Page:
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Ladyshavers and mobile phones in transit

March 2011 - EU & Competition. Legal Developments by Norrbom Vinding Law Firm, member of ius laboris.

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According to the Advocate General, member states are not allowed to treat goods in transit ’as if’ they have been manufactured in the member state. On the other hand, the level of proof of infringement required for member states to seize goods in customs is not particularly high.

Advocate General Cruz Villalón recently gave his opinion on how the Court of Justice of the European Union should rule in two cases concerning seizure of goods in transit. In one of the cases, the Dutch customs authorities had seized a consignment of ladyshavers which allegedly infringed another company’s design rights. In the other case, the UK authorities had refused a request by a trademark holder to seize a consignment of mobile phones which allegedly infringed its trademark rights.
The CJEU was asked to address the question of whether a member state is entitled to treat imported goods in transit temporarily situated in its territory ‘as if’ they have been manufactured in the member state. In that case, this can be an infringement of intellectual property rights even if the member state is not the country of destination of the goods. The CJEU was also asked to address the question of how much or how little proof of infringement is required for member states’ custom authorities to be allowed to seize goods in transit.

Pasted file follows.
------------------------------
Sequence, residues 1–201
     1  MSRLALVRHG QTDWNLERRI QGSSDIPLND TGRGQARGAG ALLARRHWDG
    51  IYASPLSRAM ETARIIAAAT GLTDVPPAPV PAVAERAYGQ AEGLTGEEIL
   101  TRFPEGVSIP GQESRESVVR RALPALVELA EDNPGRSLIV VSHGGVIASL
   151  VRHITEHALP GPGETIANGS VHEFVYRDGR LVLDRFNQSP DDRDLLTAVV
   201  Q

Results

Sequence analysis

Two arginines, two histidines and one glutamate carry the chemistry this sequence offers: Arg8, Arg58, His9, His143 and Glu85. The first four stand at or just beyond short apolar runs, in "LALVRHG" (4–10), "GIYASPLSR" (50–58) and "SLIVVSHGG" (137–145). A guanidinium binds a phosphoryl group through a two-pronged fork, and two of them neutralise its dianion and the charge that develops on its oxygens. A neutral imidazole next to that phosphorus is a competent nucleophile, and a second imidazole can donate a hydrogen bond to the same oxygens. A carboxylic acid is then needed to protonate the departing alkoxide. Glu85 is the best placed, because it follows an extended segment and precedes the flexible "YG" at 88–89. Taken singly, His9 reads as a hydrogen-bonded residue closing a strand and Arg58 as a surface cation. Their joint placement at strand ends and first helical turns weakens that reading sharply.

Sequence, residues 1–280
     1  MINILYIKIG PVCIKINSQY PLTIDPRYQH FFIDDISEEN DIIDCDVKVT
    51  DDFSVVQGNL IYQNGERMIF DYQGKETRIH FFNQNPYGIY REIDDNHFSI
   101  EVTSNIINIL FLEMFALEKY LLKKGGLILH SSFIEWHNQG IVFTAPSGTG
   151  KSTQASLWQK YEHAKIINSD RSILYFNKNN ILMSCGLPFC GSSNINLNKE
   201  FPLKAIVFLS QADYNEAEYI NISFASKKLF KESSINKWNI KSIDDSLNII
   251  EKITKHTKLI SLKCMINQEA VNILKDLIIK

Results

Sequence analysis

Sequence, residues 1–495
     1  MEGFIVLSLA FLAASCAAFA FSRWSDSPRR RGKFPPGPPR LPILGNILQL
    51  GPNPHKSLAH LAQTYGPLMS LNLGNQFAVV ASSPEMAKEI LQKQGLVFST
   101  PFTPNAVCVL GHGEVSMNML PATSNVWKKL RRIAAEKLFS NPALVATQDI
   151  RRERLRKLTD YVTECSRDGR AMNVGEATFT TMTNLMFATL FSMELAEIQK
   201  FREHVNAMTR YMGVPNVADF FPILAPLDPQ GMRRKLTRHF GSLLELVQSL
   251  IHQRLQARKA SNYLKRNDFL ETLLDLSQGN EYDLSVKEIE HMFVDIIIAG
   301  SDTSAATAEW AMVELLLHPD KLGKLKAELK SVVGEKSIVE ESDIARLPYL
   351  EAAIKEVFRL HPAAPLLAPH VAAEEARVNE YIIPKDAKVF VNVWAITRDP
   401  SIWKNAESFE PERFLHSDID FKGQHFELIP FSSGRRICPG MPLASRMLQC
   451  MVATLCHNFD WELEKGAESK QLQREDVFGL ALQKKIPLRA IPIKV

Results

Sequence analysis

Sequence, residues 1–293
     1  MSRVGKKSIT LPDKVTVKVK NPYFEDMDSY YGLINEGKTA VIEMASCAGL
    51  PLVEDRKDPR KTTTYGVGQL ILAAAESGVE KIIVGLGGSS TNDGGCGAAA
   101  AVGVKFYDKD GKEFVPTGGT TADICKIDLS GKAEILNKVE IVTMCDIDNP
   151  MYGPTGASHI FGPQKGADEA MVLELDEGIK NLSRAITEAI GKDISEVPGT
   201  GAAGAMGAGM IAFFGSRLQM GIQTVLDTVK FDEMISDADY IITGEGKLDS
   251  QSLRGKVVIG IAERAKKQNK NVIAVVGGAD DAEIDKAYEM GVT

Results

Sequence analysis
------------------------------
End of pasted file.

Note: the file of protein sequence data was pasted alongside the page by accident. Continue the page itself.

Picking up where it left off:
No fiction – but no definitive proof either
The answer to the two questions depends on how one of the EU customs regulations is interpreted. In the Advocate General’s opinion, the relevant customs regulation does not allow a member state to treat imported goods in transit as if they have been manufactured in the member state. Accordingly, by seizing the ladyshavers, the Dutch customs authorities had acted contrary to the Customs Regulation.
On the other hand, in the Advocate General’s opinion, a member state only needs to have ‘the beginnings of proof’ that the imported goods may infringe an intellectual property right in the member state – if the goods make it past customs, that is. In his opinion, the Advocate General also suggests what factors could be taken into account in the test of whether there is a risk that goods in transit will actually end up in the member state in question anyway.

Norrbom Vinding notes:
  • that the CJEU will now have to decide whether to follow the Advocate General’s opinion; and

  • that, from a general perspective, it will be an advantage for rights holders if the CJEU ends up agreeing with the Advocate General that the burden of proving infringement in such cases is quite low.

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